The Journal of Physical Chemistry B 07/2013; · 3.61 Impact Factor
[show abstract][hide abstract] ABSTRACT: The ability to control pre-mRNA splicing with small molecules could facilitate the development of therapeutics or cell-based circuits that control gene function. Myotonic dystrophy type 1 is caused by the dysregulation of alternative pre-mRNA splicing due to sequestration of muscleblind-like 1 protein (MBNL1) by expanded, non-coding r(CUG) repeats (r(CUG)(exp)). Here we report two small molecules that induce or ameliorate alternative splicing dysregulation. A thiophene-containing small molecule (1) inhibits the interaction of MBNL1 with its natural pre-mRNA substrates. Compound (2), a substituted naphthyridine, binds r(CUG)(exp) and displaces MBNL1. Structural models show that 1 binds MBNL1 in the Zn-finger domain and that 2 interacts with UU loops in r(CUG)(exp). This study provides a structural framework for small molecules that target MBNL1 by mimicking r(CUG)(exp) and shows that targeting MBNL1 causes dysregulation of alternative splicing, suggesting that MBNL1 is thus not a suitable therapeutic target for the treatment of myotonic dystrophy type 1.
[show abstract][hide abstract] ABSTRACT: The chemical variety present in the organic electronics literature has motivated us to investigate potential nonbonding interactions often incorporated into conformational "locking" schemes. We examine a variety of potential interactions, including oxygen-sulfur, nitrogen-sulfur, and fluorine-sulfur, using accurate quantum-chemical wave function methods and Noncovalent Interaction (NCI) analysis on a selection of high-performing conjugated polymers and small molecules found in the literature. In addition, we evaluate a set of nonbonding interactions occurring between various heterocyclic and pendant atoms taken from a group of representative pi-conjugated molecules. Together with our survey and set of interactions, it is determined that while many nonbonding interactions possess weak binding capabilities, nontraditional hydrogen bonding interactions, namely oxygen-hydrogen (CH⋯O) and nitrogen-hydrogen (CH⋯N), are alone in inducing conformational control and enhanced planarity along a polymer or small molecule backbone at room temperature.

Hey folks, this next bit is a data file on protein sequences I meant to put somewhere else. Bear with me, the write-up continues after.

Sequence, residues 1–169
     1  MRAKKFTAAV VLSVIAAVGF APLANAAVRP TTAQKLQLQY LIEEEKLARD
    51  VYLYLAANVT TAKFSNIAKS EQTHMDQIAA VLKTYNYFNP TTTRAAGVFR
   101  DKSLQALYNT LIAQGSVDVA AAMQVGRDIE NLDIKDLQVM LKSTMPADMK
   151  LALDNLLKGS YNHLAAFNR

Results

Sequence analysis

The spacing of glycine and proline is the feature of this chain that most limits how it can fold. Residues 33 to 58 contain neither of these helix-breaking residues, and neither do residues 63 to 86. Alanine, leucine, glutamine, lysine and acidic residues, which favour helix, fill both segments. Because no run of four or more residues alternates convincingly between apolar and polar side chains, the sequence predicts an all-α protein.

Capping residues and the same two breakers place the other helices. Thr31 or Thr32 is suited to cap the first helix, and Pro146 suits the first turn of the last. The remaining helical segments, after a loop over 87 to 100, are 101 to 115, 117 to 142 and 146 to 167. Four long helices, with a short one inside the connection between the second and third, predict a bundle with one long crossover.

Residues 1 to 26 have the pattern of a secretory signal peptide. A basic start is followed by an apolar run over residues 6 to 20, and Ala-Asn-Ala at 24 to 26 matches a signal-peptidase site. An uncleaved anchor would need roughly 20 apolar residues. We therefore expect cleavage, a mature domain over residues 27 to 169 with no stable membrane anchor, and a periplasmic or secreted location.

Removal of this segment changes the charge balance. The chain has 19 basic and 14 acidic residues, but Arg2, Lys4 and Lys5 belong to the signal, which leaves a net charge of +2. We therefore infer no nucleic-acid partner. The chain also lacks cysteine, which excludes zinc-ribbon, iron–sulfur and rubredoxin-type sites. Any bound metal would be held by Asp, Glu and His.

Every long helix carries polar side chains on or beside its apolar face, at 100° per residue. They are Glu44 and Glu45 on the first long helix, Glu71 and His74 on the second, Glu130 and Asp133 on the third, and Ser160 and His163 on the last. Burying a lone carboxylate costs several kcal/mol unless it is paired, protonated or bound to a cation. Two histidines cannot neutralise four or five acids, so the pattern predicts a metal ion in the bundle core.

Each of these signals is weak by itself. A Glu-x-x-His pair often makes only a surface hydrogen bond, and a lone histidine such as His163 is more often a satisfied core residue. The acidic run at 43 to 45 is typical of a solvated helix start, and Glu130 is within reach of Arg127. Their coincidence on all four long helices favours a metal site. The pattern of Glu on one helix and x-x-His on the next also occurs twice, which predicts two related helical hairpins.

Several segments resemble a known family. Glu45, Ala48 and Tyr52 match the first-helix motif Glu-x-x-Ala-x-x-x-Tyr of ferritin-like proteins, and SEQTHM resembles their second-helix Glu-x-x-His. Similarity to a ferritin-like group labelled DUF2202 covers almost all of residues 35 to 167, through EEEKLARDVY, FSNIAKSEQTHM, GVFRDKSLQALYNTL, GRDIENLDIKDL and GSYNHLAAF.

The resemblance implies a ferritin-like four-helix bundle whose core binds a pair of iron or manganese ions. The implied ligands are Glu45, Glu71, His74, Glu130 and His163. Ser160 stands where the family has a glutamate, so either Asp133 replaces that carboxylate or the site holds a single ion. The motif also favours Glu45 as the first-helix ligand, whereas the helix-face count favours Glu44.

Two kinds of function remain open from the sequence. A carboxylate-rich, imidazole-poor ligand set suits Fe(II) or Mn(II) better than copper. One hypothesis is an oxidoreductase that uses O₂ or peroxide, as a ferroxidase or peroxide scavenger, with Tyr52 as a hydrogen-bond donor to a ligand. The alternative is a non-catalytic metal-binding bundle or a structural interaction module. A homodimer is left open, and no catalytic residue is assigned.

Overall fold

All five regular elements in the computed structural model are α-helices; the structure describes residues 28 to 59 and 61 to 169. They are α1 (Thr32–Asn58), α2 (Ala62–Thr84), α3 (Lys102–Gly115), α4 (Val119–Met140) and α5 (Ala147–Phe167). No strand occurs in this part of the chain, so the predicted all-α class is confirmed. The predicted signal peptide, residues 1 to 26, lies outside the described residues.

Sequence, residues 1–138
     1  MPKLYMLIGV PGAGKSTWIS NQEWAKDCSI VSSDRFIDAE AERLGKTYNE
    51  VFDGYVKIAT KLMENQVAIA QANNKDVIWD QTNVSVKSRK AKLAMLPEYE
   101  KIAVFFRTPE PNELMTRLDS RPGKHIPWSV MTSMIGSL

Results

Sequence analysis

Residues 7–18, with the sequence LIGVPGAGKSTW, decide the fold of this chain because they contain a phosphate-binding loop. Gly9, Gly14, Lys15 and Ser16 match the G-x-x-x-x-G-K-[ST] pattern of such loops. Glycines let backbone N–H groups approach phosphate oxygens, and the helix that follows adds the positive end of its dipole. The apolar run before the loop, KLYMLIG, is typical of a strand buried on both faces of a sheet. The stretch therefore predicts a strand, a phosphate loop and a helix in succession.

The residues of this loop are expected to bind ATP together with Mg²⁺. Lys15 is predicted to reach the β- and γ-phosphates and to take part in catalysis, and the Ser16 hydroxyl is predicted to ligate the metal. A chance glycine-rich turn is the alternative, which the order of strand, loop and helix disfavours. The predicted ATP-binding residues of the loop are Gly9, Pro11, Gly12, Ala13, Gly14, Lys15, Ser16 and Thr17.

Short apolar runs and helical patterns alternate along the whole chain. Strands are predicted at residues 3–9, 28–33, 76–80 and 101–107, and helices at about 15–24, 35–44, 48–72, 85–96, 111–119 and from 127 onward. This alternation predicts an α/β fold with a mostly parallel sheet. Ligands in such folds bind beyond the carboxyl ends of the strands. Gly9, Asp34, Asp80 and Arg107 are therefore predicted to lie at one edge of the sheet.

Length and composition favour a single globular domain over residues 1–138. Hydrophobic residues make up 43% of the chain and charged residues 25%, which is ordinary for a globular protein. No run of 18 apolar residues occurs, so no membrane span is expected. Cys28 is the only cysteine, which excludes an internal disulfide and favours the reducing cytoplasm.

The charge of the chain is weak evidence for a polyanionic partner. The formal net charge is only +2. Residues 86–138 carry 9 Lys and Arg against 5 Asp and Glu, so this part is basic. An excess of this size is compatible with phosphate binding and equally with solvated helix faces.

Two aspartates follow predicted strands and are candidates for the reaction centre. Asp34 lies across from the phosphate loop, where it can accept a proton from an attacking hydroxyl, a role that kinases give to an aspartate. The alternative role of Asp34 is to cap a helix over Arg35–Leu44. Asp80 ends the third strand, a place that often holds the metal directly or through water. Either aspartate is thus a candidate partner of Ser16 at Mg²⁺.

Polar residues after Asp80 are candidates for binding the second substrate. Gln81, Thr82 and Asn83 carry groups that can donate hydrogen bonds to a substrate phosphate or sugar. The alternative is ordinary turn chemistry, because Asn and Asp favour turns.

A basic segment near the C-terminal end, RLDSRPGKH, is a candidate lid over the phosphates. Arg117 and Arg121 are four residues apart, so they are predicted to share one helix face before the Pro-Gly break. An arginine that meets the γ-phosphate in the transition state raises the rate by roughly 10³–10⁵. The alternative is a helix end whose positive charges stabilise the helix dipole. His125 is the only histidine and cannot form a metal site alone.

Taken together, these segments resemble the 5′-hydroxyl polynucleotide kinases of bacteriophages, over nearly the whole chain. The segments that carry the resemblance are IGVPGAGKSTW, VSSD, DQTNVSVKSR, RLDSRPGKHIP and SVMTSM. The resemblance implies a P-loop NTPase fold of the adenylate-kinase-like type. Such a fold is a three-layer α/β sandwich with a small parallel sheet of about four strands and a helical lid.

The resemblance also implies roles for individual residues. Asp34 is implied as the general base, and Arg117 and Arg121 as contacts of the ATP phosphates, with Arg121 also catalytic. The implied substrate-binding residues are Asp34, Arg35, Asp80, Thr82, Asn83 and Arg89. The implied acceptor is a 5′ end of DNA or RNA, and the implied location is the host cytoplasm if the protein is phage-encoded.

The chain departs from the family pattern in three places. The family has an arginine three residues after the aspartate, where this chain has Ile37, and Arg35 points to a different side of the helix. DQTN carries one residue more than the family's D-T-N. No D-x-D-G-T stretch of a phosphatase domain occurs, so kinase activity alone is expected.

Journal of the American Chemical Society 06/2013; · 10.68 Impact Factor
[show abstract][hide abstract] ABSTRACT: We utilize a peptide-based methodology to prepare a diverse collection of double-helical gold nanoparticle superstructures having controllable handedness and structural metrics. These materials exhibit well-defined circular dichroism (CD) signatures at visible wavelengths owing to the collective dipole-dipole interactions between the nanoparticles. We couple theory and experiment to show how tuning the metrics and structure of the helices results in predictable and tailorable chirooptical properties. Finally, we experimentally and theoretically demonstrate that the intensity, position, and nature of the chirooptical activity can be carefully adjusted via silver overgrowth. These studies illustrate the utility of peptide-based nanoparticle assembly platforms for designing and preparing complex plasmonic materials with tailorable optical properties.